I no longer have “the guilt” about investing in good basics.
I had no aptitude for maths at school. I knew from a young age that my career path would be paved with words, not numbers. Pythagoras and Trigonometry sounded to me like strange diseases you might pick up in Cairo.
So, it’s as much as a surprise to myself as I’m sure my old maths teacher, that I have a natural aptitude for arithmetic. Without the aid of a calculator, I can work out the discounted price of any sale item, and even convert currencies if there is a bargain involved. Why am I telling you this? I am about to share a fashion tip with you that will change the way you shop forever. What if I told you that you could buy a Mulberry handbag and it would cost you less than one from M&S?
Now that I have your attention, let me introduce you to the concept of cost per wear (CPW). CPW has become in-vogue lately with personal shoppers and bloggers alike, but my friends will attest that I have been using it for decades.
This simple formula will change the way you shop forever. Simply divide the cost of the item by the number of times you wear or use it, to establish its true cost. Do this mental calculation before making a purchase and it can save you from some expensive mistakes.
Applying a cost per wear lens to your shopping habits has two key benefits. Firstly, investment items that you use for years, are justifiable. I must have bought about ten handbags in neutral colours before I finally bit the bullet and invested in a tan Mulberry crossbody. It goes with everything, and as such it has now cost me about €2 per wear. Likewise, my 7 for all mankind jeans have been worn so many times that they must be practically free.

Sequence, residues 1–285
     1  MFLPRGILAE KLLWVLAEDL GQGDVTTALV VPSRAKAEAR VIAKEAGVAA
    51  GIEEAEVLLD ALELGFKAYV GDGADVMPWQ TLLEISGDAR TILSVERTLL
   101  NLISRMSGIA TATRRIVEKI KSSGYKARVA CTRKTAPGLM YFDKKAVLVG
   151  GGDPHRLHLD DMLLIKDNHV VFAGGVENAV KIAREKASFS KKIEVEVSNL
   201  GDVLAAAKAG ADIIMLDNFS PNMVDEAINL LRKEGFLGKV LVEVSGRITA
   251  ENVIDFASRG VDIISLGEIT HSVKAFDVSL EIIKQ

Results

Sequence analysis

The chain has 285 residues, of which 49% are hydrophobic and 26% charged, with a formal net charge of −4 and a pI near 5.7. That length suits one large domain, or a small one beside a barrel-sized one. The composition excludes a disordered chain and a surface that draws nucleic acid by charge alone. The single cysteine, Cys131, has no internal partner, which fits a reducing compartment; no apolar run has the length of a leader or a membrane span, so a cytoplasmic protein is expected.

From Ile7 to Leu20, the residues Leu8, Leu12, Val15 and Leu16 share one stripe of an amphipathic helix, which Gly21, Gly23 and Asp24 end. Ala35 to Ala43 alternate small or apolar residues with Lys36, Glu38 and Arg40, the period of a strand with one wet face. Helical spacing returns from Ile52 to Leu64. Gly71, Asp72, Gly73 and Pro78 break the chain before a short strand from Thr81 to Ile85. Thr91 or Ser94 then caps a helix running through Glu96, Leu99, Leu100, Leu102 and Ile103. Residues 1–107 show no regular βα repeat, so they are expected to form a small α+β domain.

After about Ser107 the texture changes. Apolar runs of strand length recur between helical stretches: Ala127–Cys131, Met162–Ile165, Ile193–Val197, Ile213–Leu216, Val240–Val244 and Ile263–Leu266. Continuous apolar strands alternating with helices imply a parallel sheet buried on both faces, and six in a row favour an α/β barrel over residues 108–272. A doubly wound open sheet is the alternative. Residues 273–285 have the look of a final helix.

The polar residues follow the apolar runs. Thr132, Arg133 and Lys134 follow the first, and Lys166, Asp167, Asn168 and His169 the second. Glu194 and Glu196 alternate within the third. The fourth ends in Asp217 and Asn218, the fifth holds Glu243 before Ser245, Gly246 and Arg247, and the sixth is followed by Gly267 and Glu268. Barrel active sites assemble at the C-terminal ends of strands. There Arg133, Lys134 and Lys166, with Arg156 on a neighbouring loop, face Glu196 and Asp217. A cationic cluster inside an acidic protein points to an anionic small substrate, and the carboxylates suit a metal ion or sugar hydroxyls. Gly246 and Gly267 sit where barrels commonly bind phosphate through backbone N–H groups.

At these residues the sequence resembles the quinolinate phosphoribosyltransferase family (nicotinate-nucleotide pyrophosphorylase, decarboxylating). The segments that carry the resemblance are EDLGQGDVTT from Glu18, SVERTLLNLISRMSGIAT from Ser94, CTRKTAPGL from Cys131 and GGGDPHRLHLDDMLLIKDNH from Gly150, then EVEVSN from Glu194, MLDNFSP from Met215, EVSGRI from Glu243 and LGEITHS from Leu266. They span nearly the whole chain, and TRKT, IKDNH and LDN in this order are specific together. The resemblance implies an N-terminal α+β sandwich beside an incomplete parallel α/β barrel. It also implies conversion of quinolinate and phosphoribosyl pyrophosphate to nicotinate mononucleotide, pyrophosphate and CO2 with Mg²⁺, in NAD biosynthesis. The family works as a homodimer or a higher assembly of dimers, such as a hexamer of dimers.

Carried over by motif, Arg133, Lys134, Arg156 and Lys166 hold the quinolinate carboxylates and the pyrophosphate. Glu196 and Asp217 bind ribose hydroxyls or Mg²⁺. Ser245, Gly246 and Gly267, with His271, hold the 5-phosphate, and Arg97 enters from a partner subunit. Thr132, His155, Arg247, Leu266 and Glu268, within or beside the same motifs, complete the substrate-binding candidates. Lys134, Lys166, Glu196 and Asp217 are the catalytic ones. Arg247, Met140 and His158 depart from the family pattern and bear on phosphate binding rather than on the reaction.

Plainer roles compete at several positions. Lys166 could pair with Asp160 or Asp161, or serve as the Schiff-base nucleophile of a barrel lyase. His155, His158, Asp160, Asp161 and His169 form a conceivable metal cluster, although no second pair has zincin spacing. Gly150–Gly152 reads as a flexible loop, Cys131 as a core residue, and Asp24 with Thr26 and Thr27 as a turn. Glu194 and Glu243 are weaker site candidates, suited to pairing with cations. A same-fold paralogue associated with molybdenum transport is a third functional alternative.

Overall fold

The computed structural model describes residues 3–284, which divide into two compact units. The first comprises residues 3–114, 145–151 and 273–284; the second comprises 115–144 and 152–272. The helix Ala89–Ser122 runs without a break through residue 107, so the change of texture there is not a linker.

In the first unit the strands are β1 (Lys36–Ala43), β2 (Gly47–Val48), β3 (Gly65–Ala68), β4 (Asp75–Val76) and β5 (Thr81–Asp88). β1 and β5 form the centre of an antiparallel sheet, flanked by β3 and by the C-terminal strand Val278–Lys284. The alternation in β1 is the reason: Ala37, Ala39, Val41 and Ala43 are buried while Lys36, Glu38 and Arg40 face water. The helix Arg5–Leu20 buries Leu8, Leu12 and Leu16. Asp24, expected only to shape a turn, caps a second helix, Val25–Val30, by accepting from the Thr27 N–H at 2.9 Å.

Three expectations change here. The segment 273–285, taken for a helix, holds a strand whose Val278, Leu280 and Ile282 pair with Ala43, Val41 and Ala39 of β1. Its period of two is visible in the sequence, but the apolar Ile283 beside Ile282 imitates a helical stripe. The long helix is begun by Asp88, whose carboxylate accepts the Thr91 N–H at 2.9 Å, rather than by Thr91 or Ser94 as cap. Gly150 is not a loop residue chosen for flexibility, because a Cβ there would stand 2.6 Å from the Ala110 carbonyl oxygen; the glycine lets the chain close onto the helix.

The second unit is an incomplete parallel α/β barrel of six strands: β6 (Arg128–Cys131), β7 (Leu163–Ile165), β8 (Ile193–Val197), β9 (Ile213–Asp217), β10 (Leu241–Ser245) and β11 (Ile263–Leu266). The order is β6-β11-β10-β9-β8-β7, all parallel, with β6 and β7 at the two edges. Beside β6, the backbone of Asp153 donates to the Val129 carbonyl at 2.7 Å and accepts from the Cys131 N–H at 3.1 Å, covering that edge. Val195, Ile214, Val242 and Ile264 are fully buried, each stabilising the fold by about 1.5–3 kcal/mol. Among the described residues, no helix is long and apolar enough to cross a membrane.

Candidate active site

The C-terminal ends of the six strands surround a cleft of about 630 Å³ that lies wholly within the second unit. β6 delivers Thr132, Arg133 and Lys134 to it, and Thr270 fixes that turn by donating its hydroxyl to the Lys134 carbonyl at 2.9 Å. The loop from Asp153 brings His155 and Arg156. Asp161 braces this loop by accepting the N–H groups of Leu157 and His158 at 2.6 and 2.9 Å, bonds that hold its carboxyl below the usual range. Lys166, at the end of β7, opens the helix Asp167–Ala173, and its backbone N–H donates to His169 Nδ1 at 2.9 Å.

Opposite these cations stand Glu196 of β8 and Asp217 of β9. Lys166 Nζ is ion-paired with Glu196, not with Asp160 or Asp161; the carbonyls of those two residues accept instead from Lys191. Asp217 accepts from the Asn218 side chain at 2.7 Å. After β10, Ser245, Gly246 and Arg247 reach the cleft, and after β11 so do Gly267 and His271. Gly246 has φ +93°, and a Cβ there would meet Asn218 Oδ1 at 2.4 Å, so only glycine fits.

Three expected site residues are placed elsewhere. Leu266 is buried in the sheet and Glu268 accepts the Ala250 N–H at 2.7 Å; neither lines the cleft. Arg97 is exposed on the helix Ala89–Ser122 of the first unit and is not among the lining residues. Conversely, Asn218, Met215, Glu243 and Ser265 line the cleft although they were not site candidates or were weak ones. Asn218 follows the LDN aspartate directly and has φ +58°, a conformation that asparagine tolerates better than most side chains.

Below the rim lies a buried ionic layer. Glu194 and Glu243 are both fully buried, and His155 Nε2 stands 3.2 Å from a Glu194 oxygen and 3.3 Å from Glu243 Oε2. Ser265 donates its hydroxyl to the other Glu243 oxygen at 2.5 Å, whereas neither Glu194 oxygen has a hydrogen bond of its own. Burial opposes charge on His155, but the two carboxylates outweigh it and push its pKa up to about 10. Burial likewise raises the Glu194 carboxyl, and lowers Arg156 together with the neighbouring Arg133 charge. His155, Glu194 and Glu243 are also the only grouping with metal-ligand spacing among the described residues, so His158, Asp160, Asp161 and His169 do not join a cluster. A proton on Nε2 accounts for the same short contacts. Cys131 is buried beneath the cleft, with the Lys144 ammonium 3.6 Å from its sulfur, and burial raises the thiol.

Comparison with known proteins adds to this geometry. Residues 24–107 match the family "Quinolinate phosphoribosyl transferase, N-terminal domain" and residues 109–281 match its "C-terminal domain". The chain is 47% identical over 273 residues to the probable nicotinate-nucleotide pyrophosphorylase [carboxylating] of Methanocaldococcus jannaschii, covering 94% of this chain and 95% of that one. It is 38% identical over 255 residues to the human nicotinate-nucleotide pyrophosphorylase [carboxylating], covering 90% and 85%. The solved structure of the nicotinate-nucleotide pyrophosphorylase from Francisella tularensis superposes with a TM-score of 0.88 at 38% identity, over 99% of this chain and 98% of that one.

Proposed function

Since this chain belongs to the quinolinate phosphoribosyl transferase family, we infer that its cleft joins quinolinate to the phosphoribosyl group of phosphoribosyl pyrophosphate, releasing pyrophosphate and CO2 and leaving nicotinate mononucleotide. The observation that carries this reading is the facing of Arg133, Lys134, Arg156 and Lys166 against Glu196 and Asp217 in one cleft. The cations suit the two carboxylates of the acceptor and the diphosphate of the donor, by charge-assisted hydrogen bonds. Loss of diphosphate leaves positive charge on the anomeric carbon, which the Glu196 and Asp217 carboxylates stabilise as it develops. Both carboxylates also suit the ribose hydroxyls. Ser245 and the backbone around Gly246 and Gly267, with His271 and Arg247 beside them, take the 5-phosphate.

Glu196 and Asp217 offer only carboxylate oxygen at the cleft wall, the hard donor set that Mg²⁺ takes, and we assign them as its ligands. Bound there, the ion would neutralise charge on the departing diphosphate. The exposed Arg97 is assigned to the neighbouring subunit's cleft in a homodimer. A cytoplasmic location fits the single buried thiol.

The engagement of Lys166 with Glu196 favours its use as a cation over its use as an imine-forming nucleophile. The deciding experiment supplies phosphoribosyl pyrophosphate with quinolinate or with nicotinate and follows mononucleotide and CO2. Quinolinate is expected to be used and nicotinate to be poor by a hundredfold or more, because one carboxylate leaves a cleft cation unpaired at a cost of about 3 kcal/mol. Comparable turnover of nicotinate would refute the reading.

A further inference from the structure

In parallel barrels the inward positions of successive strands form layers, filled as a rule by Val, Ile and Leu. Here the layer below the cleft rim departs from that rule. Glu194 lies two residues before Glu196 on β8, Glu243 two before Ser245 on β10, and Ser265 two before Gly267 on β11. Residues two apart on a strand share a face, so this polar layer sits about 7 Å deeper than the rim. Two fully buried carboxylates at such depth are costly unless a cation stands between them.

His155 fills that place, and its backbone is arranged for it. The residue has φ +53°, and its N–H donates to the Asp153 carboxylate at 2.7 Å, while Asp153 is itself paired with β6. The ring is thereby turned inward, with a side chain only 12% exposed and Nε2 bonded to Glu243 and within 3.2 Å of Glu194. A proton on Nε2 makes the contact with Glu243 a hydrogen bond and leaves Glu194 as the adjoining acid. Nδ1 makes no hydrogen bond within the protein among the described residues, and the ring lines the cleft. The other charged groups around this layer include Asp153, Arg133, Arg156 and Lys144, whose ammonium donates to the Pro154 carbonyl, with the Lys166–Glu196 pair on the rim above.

Secondly, you find out what you use and what sits at the back of the wardrobe. I am a self-confessed fashion geek: I track everything I buy and how often I wear things. This isn’t as onerous a task as it may sound – I make notes on my phone when I buy or wear something and then tally up once a week. Doing this for over ten years has been illuminating and has revolutionised the way I shop. Tracking my shopping sprees means that I can easily see the items that turned my head in-store but have not been a hardworking addition to my wardrobe. Reviewing previous purchases also gives you a chance to “shop your own wardrobe” in a way you might not if you were simply scanning through your rails.
I have an eye on sustainability, so I’m always looking for ways to use items in multiple ways, and again, keeping track of my weekly outfits helps me do this. I am a devil for sparkles and my head is easily turned, but I’ve now made peace with the fact that a great neutral sweater will get way more use than a sparkly top. On the flip side, I no longer have “the guilt” about investing in good basics, because I know they will earn their keep.
If you are planning your autumn wardrobe, you might want to consider a CPW approach. A few well-chosen pieces like a neutral bag, a great coat, and jeans that suit your body shape, will always be good investments. Think about things you can wear in multiple ways, to multiple occasions.
Whilst I am a huge CPW advocate, I strongly believe you should always make room in your wardrobe, and your life, for joy. If something just speaks to you, then you should buy it. Just make sure you wear it.
Photography by Jason Lloyd Evans.